EPPO Global Database

EPPO Reporting Service no. 10 - 2013 Num. article: 2013/218

Trichoferus campestris is spreading in the EPPO region

Trichoferus (=Hesperophanes) campestris (Coleoptera: Cerambycidae – EPPO A2 List) is a wood-boring insect which originates from Asia (including a large part of Russia). It develops in broadleaved trees, including fruit crops (e.g. Malus) and a wide range of forest and amenity trees (e.g. Betula, Broussonetia, Gleditsia, Salix, Sorbus). In addition, T. campestris has been reported to develop in dry wood, both hardwood and conifer wood (Abies, Picea, Pinus). A picture of the adult can be viewed on the Internet: http://www.zin.ru/animalia/coleoptera/eng/tricamms.htm
Scientific literature indicates that T. campestris is currently spreading in Central and Eastern Europe from East to West, probably starting from the Southeastern part of European Russia where it was recorded in the 1980s. For the moment, only isolated findings (mainly trapped specimens) are reported, and no particular damage is observed. Interceptions of T. campestris have been made in the EPPO region on wood packing material imported from China. Although, there is currently no clear indication of damage caused by T. campestris to living trees in the EPPO region, this insect is obviously spreading, probably as a combination of natural and human-assisted spread, it thus seems wise to pay more attention to this species in surveillance programmes and import inspections.
  • Czech Republic: several specimens of T. campestris were recorded in the 2 following localities in Moravia.
- Otrokovice: 1 female was found in August 2006 in a store of the Barum company (tyre manufacturer) on wooden pallets imported from Russia, and several specimens were collected and reared from cut birch firewood in 2009.
- Olomouc: 1 specimen was captured on the uprooted and drying stem of a Gleditsia triachanthos tree in a park in 2008.
  • Hungary: T. campestris was reported for the first time in 2010 (no further details).
  • Moldova: several specimens were collected in 2003, 2004, and 2008 from various localities (Ivanchya and Ketrosu villages).
  • Poland: the first specimens were collected in 2009 (no further details).
  • Romania: the first specimen was collected in 2003. The occurrence of T. campestris was then confirmed in Southern and Eastern Romania, as several specimens were collected from different localities s (e.g. Agigea, Bucureşti, Craiova, Iaşi, Iveşti).
  • Slovakia: 1 specimen was found near Štúrovo in 2007.
  • Ukraine: T. campestris was first collected from Eastern Ukraine in 1998, but was correctly identified only in 2006. Other specimens were then found in the following localities: Donetsk, Dyakove, Evpatoria, Ivano-Frankivsk, Kharkiv, Odessa, Sevastopol, as well as from the Natural reserve ‘Kam’yani Mohyly’ and the National Park ‘Homilshanski Lisy’.

Interestingly in North America, T. campestris has been intercepted regularly in Canadian and US ports. For example, at the Port of Vancouver (CA) numerous adults, larvae and pupae have been intercepted on wooden dunnage in containers arriving from China (including Hong-Kong). Occasional findings of T. campestris have also been made in both Canada and the USA, but for the moment no particular damage has been reported on living trees.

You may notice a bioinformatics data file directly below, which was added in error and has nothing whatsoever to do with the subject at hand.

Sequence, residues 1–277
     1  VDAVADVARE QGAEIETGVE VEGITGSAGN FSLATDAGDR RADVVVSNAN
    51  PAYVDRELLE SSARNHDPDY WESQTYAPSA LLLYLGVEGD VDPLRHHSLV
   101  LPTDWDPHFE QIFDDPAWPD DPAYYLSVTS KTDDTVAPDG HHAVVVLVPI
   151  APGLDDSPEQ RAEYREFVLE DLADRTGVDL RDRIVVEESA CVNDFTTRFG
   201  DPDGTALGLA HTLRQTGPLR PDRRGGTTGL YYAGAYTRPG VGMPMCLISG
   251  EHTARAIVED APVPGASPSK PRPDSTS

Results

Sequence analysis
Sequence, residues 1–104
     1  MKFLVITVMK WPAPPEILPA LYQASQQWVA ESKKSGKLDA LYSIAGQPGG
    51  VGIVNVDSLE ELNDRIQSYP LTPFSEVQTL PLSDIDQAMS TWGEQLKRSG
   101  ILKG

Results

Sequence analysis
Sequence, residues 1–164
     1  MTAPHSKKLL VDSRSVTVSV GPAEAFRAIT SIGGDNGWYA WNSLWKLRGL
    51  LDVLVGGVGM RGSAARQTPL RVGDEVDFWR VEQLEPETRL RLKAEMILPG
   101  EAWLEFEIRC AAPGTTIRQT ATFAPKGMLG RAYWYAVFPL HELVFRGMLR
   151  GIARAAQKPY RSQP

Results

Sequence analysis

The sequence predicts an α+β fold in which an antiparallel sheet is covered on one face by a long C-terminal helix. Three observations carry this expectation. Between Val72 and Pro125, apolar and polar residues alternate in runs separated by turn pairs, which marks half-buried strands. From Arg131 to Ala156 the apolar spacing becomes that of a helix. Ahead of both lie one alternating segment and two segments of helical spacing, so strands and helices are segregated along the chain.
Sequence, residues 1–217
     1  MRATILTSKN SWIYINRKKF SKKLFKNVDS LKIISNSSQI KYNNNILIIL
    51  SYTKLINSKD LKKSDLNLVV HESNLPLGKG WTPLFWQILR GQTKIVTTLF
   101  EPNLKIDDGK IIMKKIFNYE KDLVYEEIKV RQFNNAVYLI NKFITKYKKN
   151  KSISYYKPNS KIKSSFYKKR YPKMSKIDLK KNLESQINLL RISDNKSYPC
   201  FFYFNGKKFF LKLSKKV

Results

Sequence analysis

• Canada: 2 specimens of T. campestris were first collected in Repentigny, near Montreal (Québec) in 2002 and 2006. These specimens were found on a window screen in a residential area. However, follow up surveys with light traps did not detect additional beetles. In 2012, live adults and larvae of T. campestris were extracted from a log taken from a dying Norway maple tree (Acer platanoides) in Mississauga, Ontario.
  • USA: T. campestris has been detected in small numbers in several states. In New Jersey, a small localized infestation occurred in 1997 in a storage site in the city of New Brunswick, but was later eradicated. In Minnesota, a single adult beetle was trapped in June 2010 in an industrial area in Minneapolis; it is not known whether the pest has been able to establish in this area. In Ohio, its presence was noticed in 2009 and 2010. In Illinois, T. campestris was first found in 2009 near O’Hare airport and in the county of Crawford where it was captured near a pallet manufacturer. Intensive trapping was conducted in 2011 and 2012 in state parks, forests, natural areas, but the insect was not caught again. In Utah, the insect was detected in South Salt Lake City in 2010, and again in 2012 in Murray City.


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Hegyessy G, Kutasi C (2010) Trichoferus species new to Hungary (Coleoptera: Cerambycidae). Folia Entomologica Hungarica 71, 35-41 (abst.).
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Illinois Natural Resources. 2012 Illinois Forest Health Highlights. http://fhm.fs.fed.us/fhh/fhh_12/IL_FHH_2012.pdf
Minnesota Department of Agriculture. Chinese longhorned beetle. Invasive Pest Alert. https://www.mda.state.mn.us/plants/insects/clhbeetle.aspx
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